How Tall Should Ski Be? [Fact Checked!]

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When it comes to going on a ski holiday there are a few things that you need to consider. One of them is whether or not you should go tall or low. There are pros and cons to both but which is the best course of action depends on you. Below we will explore the key points of this conundrum.

Tall Vs. Low

You may be familiar with the term ski altitude which refers to how high or low the mountains are. Generally speaking, the higher the summit, the steeper the descent so you’ll experience more terrifing turns and less relaxing days. Because of this, the general rule is that taller is worse when it comes to skiing. Alternatively, some people prefer to go low which means they spend more time in the trees and less time on the slopes. Let’s have a closer look.

The Benefits Of Going Tall

The main benefit of going tall is that it allows for more turns. If you’re taller than the average person, you naturally have more leverage when it comes to skiing. The flip side is that the higher you go, the more exhausted you’ll become. The air is thinner and the pace of the skiing faster. Going tall also forces you to work that much harder to brake because you’ll reach the end of the curve quicker than those riding low. This is also particularly beneficial for novices because you won’t master the art of sliding on the first try.

The Drawbacks Of Going Tall

The main drawback to going tall is that it’s more tiring. If you stop and think about it, every step that you take while skiing is an investment. When you go tall, that investment is more significant because you have to push so much air out of the way. It’s also a lot less comfortable. The thin air makes it harder to regulate your body temperature so you’re either over- or under-dressed. Going tall also means you have to work that much harder to brake which, in turn, makes it more likely that you’ll have an accident. On the whole, going tall isn’t for the faint-hearted – especially in summer when it gets hot and humid. You’re better off going low.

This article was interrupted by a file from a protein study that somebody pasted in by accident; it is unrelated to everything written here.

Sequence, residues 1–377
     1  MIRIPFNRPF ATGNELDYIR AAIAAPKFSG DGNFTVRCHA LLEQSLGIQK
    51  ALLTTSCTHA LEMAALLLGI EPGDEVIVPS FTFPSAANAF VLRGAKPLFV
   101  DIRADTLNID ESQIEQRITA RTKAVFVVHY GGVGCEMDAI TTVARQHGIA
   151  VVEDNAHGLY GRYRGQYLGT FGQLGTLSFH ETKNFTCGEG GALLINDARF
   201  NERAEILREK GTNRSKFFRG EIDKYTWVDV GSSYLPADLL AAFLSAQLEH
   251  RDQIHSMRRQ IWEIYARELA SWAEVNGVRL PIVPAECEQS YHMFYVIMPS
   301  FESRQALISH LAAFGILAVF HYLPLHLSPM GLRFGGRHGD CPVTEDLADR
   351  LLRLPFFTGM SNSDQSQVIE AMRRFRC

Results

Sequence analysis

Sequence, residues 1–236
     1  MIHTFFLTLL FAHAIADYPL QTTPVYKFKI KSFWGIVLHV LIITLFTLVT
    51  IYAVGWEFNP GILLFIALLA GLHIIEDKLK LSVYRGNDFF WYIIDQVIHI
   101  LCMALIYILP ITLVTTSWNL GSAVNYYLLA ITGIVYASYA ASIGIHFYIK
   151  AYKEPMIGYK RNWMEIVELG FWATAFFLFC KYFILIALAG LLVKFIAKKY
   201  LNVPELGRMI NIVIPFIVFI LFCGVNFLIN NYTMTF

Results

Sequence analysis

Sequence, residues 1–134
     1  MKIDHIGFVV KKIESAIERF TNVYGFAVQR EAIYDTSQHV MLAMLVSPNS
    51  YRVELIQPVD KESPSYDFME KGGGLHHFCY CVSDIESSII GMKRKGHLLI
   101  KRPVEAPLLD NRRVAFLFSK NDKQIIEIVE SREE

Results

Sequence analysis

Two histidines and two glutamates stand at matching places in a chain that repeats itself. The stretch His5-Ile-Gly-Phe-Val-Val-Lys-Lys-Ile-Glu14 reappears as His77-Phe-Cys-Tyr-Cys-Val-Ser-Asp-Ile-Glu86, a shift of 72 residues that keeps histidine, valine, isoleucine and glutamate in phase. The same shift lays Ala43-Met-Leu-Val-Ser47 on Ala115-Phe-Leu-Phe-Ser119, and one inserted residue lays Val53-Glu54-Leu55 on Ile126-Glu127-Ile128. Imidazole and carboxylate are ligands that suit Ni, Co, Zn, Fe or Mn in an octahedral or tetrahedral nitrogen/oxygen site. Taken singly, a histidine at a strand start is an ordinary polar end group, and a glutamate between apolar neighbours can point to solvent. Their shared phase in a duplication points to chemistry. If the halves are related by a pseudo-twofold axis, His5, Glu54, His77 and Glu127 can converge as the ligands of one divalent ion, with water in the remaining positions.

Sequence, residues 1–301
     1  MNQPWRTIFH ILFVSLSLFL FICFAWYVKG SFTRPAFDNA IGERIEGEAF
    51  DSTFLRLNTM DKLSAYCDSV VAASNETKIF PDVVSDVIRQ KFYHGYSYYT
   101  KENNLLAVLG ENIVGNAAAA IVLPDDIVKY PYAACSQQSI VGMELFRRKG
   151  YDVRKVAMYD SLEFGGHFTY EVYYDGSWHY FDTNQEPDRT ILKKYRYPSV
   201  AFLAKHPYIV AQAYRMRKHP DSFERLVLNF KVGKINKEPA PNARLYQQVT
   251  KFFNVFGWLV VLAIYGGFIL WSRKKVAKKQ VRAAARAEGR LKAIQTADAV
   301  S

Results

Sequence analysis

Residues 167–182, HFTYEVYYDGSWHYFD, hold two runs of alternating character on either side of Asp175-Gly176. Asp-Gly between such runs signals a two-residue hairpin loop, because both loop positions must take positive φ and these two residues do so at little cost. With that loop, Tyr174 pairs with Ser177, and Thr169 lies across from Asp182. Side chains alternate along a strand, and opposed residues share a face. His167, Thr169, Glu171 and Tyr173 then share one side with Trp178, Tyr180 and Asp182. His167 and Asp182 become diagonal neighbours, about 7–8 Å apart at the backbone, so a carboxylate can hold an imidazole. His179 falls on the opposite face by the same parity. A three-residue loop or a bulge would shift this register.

The Key Takeaway

As a general rule, go for neither. Instead, find the intermediate position which is ideal for you. If you’re the average size, then you’ll find that you’re just right. Going both high and low will make you a fun, strong, and fearless skier respectively. So, the next time you’re planning to hit the slopes, find the perfect balance between high and low to suit your needs. Otherwise, you might find that you love one position more than the other and that’s a formula for disaster. So, instead of risking it, do the sensible thing and stay put.

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